Who Says Women Can’t Be Doctors?: The Story of Elizabeth Blackwell

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Who Says Women Can’t Be Doctors?: The Story of Elizabeth Blackwell by Tanya Lee Stone and illustrated by Marjorie Priceman

Synopsis: In the 1830s, when a brave and curious girl named Elizabeth Blackwell was growing up, women were supposed to be wives and mothers. Some women could be teachers or seamstresses, but career options were few. Certainly no women were doctors.

But Elizabeth refused to accept the common beliefs that women weren’t smart enough to be doctors, or that they were too weak for such hard work. And she would not take no for an answer. Although she faced much opposition, she worked hard and finally―when she graduated from medical school and went on to have a brilliant career―proved her detractors wrong. This inspiring story of the first female doctor shows how one strong-willed woman opened the doors for all the female doctors to come.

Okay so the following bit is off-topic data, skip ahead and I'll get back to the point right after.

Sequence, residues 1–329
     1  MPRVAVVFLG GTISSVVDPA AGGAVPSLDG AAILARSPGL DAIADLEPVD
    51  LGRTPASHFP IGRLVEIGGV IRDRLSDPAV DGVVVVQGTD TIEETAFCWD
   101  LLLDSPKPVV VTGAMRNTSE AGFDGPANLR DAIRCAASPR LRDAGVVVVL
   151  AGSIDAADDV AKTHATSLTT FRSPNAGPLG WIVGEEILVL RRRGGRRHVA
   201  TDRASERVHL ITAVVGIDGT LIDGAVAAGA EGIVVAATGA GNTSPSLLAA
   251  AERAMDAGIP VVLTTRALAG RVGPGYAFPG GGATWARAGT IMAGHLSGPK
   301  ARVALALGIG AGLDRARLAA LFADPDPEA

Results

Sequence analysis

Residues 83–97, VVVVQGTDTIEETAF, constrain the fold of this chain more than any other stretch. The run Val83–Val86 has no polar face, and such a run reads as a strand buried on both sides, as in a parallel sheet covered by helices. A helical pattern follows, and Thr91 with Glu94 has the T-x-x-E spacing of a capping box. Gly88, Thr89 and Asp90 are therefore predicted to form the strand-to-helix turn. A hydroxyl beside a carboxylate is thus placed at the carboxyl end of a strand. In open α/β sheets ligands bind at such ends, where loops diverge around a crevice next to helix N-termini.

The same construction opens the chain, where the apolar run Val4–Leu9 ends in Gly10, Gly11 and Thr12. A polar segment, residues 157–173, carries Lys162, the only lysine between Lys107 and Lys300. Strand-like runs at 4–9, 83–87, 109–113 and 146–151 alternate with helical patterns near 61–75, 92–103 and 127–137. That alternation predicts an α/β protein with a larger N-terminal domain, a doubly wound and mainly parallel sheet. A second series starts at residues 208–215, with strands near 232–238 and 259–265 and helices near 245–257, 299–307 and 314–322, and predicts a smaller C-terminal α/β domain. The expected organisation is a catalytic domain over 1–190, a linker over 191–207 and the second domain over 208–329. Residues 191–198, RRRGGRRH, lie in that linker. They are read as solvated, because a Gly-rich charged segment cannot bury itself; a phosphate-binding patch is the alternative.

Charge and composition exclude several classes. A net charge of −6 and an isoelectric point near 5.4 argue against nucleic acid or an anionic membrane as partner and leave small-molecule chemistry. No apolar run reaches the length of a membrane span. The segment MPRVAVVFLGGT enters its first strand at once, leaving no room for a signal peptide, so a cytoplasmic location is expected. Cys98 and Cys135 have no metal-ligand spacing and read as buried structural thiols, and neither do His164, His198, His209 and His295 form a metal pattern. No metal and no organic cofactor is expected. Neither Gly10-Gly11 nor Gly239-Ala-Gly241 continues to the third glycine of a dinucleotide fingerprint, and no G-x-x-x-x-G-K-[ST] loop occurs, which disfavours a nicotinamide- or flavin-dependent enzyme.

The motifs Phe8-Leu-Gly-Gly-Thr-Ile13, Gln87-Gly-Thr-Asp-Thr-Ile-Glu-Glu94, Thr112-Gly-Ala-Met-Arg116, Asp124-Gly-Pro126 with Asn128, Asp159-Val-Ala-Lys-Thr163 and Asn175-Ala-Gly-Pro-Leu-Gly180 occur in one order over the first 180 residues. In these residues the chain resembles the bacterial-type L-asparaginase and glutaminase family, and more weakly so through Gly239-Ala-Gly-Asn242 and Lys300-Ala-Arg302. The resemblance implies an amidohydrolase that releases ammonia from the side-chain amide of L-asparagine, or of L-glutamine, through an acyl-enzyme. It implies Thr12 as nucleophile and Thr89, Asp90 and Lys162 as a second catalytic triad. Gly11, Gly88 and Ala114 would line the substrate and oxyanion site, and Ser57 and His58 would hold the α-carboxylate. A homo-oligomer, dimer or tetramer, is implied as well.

Published: February 2013 | ISBN: 978-0805090482 | Ages: 5-8 years

Tanya’s Homepage: http://www.tanyastone.com
Tanya’s Twitter: https://twitter.com/TanyaLeeStone

Mini-bio: Marjorie Priceman is an American writer or illustrator of more than 30 children’s picture books including two Caldecott Honor Books. Wikipedia

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Hardcover Edition: Who Says Women Can’t Be Doctors?: The Story of Elizabeth Blackwell (Christy Ottaviano Books)
Kindle Edition: Who Says Women Can’t Be Doctors?: The Story of Elizabeth Blackwell (Christy Ottaviano Books)

Filed under: Biography, Kids, Picture Books, Scientists Tagged: Marjorie Priceman, Tanya Lee Stone

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